||Yeardley, George [1, 2] |
||Captain; Sir; Deputy Governor; Lieutenant Govenor |
||14 Nov 1626
||Jamestown, Virginia Colony, USA [3, 4]
||17 May 2012 |
GOR06926.TXT George YEARDLEY
Note: no relationship is yet established between this illustrious person and my relative Edward YEARDLY who married Dorothy CHAPMAN alias BARKER Goodwin Yeardly, widow of my ancestor Daniel GOODWIN. However, because of the namesimilarity and our suspicion that the Goodwin's may have entered the Colonies via VA, this person is added to the database. His movements between England and the colonies are noted for this same purpose.
Brock, R. A. Virginia and Virginians. ; Doc 3-30: As President of the Council, Captain Yeardley was left as Deputy in charge of the government of Virginia when his predecessor, Sir Thomas Dale, left in APR 1616 for England.Yeardley was superseded by Captain Samuel Argall on 15 MAY 1617 and returned to England. "Upon the intelligence of the death of Lord De La Warr, Yeardley, who was knighted on the occassion, was appointed to succeed him." He arrived in theColony 19 APR 1619 and assumed the government. On the following 30 JUL, the first representative legislative assembly ever held in America was convened at Jamestown. Yeardley was superseded 18 NOV 1621 by Sir Francis Wyatt, but resumedthe government 17 MAY 1626. He died the following NOV. During his administration many important improvements were made, and the power, population, and prosperity of the Colony were much enhanced.
He is reported in JAN 1622 as having built a windmill, the first erected in America. He left a widow, Lady Temperance, and two sons, Francis and Argall. Francis "remarkably instanced individual enterprise, effecting, in 1654,discoveries in North Carolina, and purchasing from the natives at a cost of £300, `three great rivers and all such others as they should like Southerly,' which country he took possession of in the name of the Commonwealth." [I wonder ifthe Indians also sold him a bridge or two.] Sir George Yeardley has representative descendants of the name in the US, but it is not known to the writer that such exist in Virginia.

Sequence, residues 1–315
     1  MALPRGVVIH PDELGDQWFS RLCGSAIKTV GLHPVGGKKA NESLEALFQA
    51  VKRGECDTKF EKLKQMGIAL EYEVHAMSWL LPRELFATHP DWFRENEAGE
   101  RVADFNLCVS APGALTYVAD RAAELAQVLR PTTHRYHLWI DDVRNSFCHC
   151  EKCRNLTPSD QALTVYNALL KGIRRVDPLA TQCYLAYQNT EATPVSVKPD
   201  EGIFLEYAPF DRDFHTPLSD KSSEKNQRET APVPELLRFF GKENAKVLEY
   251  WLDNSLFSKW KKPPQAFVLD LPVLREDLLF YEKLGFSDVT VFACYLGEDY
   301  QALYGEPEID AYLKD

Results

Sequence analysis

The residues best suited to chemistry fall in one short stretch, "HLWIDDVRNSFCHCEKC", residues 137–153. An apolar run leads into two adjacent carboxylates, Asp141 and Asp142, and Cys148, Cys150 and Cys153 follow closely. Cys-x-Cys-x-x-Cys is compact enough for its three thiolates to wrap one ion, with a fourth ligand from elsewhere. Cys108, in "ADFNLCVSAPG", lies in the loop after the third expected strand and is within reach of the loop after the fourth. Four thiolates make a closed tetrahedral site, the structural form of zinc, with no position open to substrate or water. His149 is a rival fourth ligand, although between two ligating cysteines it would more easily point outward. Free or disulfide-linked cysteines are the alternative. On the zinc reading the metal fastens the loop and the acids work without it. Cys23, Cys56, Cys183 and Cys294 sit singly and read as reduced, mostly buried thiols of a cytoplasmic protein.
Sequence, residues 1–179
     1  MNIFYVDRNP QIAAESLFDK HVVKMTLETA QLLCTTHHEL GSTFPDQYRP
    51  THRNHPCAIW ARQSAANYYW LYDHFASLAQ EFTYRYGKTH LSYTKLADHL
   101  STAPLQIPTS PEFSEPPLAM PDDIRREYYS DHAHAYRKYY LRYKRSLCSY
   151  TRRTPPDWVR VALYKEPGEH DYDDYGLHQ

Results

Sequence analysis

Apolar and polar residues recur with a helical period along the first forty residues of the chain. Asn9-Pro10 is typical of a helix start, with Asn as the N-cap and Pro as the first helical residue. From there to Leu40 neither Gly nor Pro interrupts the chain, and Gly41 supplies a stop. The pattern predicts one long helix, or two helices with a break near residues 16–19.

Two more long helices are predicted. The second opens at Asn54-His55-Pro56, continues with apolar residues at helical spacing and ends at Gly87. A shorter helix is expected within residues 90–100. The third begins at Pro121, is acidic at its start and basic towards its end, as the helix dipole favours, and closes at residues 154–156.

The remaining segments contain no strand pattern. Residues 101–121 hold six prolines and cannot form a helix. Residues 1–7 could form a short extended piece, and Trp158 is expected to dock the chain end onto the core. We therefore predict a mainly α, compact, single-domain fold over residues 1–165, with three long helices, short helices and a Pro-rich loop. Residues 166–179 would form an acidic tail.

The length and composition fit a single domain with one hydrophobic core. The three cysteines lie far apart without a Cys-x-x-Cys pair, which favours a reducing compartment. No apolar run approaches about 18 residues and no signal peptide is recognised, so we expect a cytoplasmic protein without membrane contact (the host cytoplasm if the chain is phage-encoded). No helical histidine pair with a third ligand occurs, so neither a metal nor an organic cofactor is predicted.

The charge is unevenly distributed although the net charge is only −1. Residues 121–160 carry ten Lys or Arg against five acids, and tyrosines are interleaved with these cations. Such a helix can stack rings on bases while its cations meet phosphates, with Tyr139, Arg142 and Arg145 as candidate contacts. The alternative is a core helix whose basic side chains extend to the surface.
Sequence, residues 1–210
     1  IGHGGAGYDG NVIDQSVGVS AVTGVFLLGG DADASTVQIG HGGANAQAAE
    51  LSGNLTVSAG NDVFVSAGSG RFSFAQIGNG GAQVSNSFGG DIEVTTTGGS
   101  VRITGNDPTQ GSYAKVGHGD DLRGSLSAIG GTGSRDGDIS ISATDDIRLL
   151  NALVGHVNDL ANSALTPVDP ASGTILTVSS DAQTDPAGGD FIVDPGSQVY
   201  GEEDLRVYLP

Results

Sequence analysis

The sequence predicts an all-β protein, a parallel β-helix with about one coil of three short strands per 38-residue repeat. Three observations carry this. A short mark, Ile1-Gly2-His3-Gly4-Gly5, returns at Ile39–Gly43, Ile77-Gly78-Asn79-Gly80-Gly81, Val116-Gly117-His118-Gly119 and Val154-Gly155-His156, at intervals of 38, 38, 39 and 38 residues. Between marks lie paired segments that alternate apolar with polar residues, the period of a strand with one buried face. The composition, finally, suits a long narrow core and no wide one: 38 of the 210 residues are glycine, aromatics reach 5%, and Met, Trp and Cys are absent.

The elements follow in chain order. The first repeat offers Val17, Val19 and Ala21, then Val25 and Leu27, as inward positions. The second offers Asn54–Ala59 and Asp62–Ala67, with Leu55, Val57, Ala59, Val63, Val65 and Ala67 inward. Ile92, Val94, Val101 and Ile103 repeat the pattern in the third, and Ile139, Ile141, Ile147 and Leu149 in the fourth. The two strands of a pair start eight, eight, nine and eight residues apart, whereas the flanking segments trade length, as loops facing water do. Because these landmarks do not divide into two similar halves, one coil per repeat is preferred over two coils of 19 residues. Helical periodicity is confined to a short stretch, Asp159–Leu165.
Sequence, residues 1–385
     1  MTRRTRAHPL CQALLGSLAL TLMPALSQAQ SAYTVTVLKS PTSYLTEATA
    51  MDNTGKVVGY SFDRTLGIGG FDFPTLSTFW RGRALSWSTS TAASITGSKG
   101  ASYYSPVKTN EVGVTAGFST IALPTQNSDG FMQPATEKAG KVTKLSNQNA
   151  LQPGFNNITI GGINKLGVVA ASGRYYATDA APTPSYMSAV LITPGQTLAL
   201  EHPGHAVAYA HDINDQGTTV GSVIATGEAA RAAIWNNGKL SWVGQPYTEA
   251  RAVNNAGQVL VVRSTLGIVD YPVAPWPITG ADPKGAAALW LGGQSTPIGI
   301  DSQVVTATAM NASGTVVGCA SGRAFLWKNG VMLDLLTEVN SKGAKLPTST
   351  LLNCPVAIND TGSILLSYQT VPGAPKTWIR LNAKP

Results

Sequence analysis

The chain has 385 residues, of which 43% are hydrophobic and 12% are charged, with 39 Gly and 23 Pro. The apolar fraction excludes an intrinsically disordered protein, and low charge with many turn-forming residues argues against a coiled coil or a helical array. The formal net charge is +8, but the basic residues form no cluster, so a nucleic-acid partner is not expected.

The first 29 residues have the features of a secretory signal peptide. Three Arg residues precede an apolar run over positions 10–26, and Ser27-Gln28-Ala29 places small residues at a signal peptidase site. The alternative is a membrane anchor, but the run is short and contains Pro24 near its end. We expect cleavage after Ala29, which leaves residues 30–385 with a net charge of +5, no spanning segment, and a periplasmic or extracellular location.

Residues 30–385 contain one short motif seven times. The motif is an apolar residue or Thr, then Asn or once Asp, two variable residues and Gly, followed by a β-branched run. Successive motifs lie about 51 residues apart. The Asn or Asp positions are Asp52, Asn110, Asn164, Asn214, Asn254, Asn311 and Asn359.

Smith, Margaret Vowell. Virginia 1492-1892. ; Doc 3-31: When left in charge by Sir Dale, Captain George Yeardley, as Deputy-Governor, indulged the people in the cultivation of tobacco in preference to corn, which he compelled thenatives to furnish by way of tribute. An instance of Yeardley's method of "raising" corn is as follows:
Having sent to the Chickahominies for the tribute corn, and receiving an insolent answer, Governor Yeardley proceded with one hundred men to their principal settlement, where he was met with contempt and scorn. Perceiving theIndians to be in a hostile and menacing posture, he ordered his men to fire on them, and twelve were killed on the spot. Twelve were also taken prisoners, two of whom were elders; BUT THEY PAID ONE HUNDRED BUSHELS OF CORN FOR THEIRRANSOM, AND, AS THE PRICE OF PEACE, LOADED THREE ENGLISH BOATS WITH THE COVETED CEREAL!
Yeardley's government was successful, but he was, through Sir Thomas Smith's influence, superseded by Captain Samuel Argall, who arrived in Virginia in MAY 1617 and assumed control of affairs. [3, 4]